I then considered whether some combinations of TADL2 constraints could possibly by verified automatically. In automotive it is not unusual to implement time-critical software through periodically triggered real-time tasks, which then naturally gives rise to periodic events describing the timing of the actions of these tasks. A type of formula that then becomes interesting is "if events e, e', ... are periodic, will they then also fulfil some relational constraint R(e, e', ...)?" I came up with a transformation on the formulas specifying this implication, which replaces the event occurrences in the constraint R with arithmetic variables ranging over the time windows specified by the respective periodicity constraints. In many cases this transformation results in a Presburger formula. I then proved that the transformation is applicable and correct for a majority of the TADL2 constraints. As Presburger logic is decidable, this gives a method to automatically find out whether a set of periodic events satisfies other timing constraints. Interestingly there are methods for solving Presburger formulas that are symbolic in that they can return a formula with free variables, rather than just deciding if a closed formula is true or false. This makes it possible to, for instance, leave certain parameters open in a TADL2 constraint and derive a formula expressing for which values of the parameters that the constraint is satisfied. I made some experiments with the iscc Presburger calculator, which uses such a method, which shows that the method really works at least for moderately small examples.
Parallel software may suffer from race conditions. Such data races can cause bugs that are extremely hard to find and reproduce, since their appearance may depend on the timing in the system in complex ways. THerefore it is interesting with analyses that can pinpoint possible data races and warn the developer. A first step in this kind of analysis is a so-called "may happen in parallel" (MHP) analysis, which determines which activities in the system that may possibly take place at the same time.
In cooperation with Ericsson and Evidente East, Abu Naser Masud (main driver) and I have developed a MHP analysis for an actor-based parallel task graph model that is used for writing parallel software for telecom applications. The analysis identifies tasks that may run in parallel, and which then possibly may give rise to race conditions. Experiments show that the analysis scales to industrial software with millions of lines of code.
PLEX is a programming language that was used to program the AXE telephone exchanges from Ericsson. PLEX is event-driven, where signals can spark off new jobs to execute, and its code and data is organized in a kind of primitive objects called blocks. PLEX is also sequential, with jobs being non-preemptively executed in a sequential fashion.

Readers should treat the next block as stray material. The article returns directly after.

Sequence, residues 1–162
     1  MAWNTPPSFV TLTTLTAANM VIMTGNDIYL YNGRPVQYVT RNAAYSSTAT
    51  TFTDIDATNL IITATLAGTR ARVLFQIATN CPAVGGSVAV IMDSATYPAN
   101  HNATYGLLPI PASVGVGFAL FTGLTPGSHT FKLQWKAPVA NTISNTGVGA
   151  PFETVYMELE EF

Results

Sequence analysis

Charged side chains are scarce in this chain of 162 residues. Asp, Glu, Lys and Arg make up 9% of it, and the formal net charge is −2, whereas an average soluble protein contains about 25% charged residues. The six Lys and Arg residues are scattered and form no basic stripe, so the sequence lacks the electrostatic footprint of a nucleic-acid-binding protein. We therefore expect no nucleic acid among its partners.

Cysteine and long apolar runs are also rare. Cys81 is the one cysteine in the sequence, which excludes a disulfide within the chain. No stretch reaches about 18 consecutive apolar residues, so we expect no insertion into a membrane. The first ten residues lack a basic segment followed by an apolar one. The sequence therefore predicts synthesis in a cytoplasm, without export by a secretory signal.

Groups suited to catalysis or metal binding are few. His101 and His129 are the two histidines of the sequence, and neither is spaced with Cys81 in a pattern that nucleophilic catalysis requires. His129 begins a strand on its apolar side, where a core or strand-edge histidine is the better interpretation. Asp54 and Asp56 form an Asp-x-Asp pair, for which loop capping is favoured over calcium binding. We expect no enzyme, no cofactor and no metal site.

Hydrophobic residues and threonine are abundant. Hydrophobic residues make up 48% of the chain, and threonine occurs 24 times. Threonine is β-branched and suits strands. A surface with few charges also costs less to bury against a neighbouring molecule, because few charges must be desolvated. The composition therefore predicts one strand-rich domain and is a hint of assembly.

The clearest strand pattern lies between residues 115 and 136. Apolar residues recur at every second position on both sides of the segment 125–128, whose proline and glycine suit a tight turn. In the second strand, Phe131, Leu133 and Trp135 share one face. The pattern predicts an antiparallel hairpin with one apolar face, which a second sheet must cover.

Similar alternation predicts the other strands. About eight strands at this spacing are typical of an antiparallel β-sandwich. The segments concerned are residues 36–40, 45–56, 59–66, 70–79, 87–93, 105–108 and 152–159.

There is still a large backmarket for the AXE exchange. Ericsson has therefore been interested in parallelizing the software in order to leverage on modern parallel multi-core architectures. Indeed the tasks carried out by PLEX programs are typically inherently very parallel, and one would therefore like to execute PLEX jobs in parallel. However, unconstrained parallel execution of PLEX jobs may trigger data races that will not appear in sequential execution. Ericsson therefore sponsored a PhD student, Johan Lindhult, to work with me on the topic of safe parallelization of PLEX programs.
At that time Ericsson worked with a prototype parallel central processor for AXE that used a conservative form of parallel job execution, basically treating blocks as critical sections forbidding any intra-block parallel execution. This however gave insufficient parallelization, and we made an investigation into how this could be improved. In order to have firm formal underpinnings, and to document the quite nonstandard PLEX language, we first developed two formal semantics for PLEX: one modeling the sequential version, and one modeling PLEX executing on the parallel prototype system. We then considered a simple memory access analysis that could detect cases where code executing in the same block still could be safely executed in parallel without data races. Johan performed a case study on some production code, documented in his Licentiate thesis, which showed that in some cases the analysis could help improving the parallelization significantly.
As a by-product of the formalization we discovered a case where the semantics for the parallel PLEX implementation differed from the sequential semantics, indicating a bug in the parallel implementation. This bug was later confirmed by the Ericsson engineers.